Teach Kids About Nutrition in the Grocery Store

Keri Glassman

I used to love grocery shopping with my mom when I was a kid. Whether it was riding on top of the shopping cart or running up and down the aisles, it was almost as if the supermarket was my playground. Little did I know that I'd grow to really love the supermarket. Unfortunately for many people, grocery shopping has become a chore, so why not turn the tables and treat it as a fun activity with your kids?

The produce aisle is filled with endless possibilities. From round, red tomatoes to spiky, yellow pineapples - it's the perfect arena to inspire your kids to cook or spark their creativity. It's also a great place to teach them a few tips for healthy eating, which is extremely important to do while they're still young. In fact, studies show that early experiences with a diverse selection of foods play an important role in future food attitudes. By exposing your children to different types of produce, you are broadening their food spectrum and increasing the likelihood that they will have a positive attitude toward that food in the future.

So instead of crossing your fingers and hoping little Sally doesn't have a meltdown in Aisle 6, make grocery shopping a positive experience for you and your kids. Head straight to the produce aisle to try a few of the activities below. Before you know it, you might see your kids choosing to order something other than chicken nuggets and french fries for dinner!

Quiz kids on their produce knowledge. Every parent has heard kids ask the infamous "why?" question. Let's turn the tables on them and quiz kids on their knowledge of fruits and veggies. Remember that this isn't a school test. Most kids really enjoy sharing their knowledge, so have fun with it. The prompts can be as simple as, "Name all the red fruits and veggies" and as difficult as, "Tell me why kale is good for us."

Let them help you plan a family dinner. Studies show that family meal frequency during adolescence correlates with higher intakes of fruits and vegetables and lower intakes of soft drinks during young adulthood. Have your kids pick out a new vegetable (or one they already love) and help you figure out how to prepare it. They can pick out a fun combination of colors to saute together or maybe a fun shape - zucchini stars are always a big hit. Giving kids a choice keeps them interested in what they'll be eating, which means they may be more likely to actually eat it! Sounds like a win-win to me.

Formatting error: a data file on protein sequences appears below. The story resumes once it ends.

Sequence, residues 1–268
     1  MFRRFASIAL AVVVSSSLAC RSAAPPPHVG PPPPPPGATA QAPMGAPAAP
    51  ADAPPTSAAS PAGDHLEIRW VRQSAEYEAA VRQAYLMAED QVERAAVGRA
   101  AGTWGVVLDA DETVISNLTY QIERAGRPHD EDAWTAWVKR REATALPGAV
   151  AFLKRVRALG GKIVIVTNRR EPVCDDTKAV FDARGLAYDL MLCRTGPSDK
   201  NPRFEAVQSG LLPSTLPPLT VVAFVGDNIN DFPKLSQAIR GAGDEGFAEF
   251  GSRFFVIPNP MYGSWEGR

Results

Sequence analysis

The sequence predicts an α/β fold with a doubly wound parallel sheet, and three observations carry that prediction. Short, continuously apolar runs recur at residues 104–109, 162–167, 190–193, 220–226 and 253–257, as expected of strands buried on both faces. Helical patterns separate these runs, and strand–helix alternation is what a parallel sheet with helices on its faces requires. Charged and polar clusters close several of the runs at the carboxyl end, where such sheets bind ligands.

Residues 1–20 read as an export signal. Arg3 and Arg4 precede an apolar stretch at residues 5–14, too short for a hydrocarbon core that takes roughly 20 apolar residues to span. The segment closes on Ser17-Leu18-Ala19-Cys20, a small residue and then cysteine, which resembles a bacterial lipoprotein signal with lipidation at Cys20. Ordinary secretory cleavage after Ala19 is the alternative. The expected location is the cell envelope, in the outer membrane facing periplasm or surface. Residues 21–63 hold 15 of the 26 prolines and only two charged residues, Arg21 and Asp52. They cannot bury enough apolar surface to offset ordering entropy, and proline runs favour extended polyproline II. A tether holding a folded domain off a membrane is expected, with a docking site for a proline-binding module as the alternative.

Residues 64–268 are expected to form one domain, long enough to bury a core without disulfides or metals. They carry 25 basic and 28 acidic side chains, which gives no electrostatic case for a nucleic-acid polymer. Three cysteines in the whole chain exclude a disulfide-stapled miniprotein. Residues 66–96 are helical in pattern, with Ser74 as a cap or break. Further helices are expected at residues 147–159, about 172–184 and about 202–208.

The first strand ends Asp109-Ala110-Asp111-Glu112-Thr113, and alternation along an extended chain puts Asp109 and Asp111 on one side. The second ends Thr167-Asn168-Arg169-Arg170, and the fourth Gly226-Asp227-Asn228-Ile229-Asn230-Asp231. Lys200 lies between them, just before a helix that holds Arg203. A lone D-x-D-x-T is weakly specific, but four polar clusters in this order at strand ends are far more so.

Have a scavenger hunt in the produce aisle. Kids love searching for and finding things, so have them do just that and give them nutrition knowledge at the same time. Before heading to the store, make a list of a few fruits and veggies. Once you get there, send the kids on a scavenger hunt. When they bring the items back to you, ask the kids questions about the fruits and veggies and tell you why they are not only delicious but also nutritious for them.

Hungry for more? Write to eatandrun@usnews.com with your questions, concerns, and feedback.

Keri Glassman, MS, RD, CDN, is the founder and president of Nutritious Life, a nutrition practice based in New York City, and Nutritious Life Meals, a gourmet, healthy, daily diet delivery program available across the country. She is a member of Women's Health Magazine's advisory board and has authored Slim Calm Sexy Diet, The O2 Diet, and The Snack Factor Diet. Her fourth book, The New You and Improved Diet, will be released in December. Her expertise is regularly featured on the Today show, Good Morning America, and Access Hollywood Live, among others, and she hosts "A Little Bit Better" on YouTube's Livestrong Woman channel. Read more of Keri's tips every day on Facebook!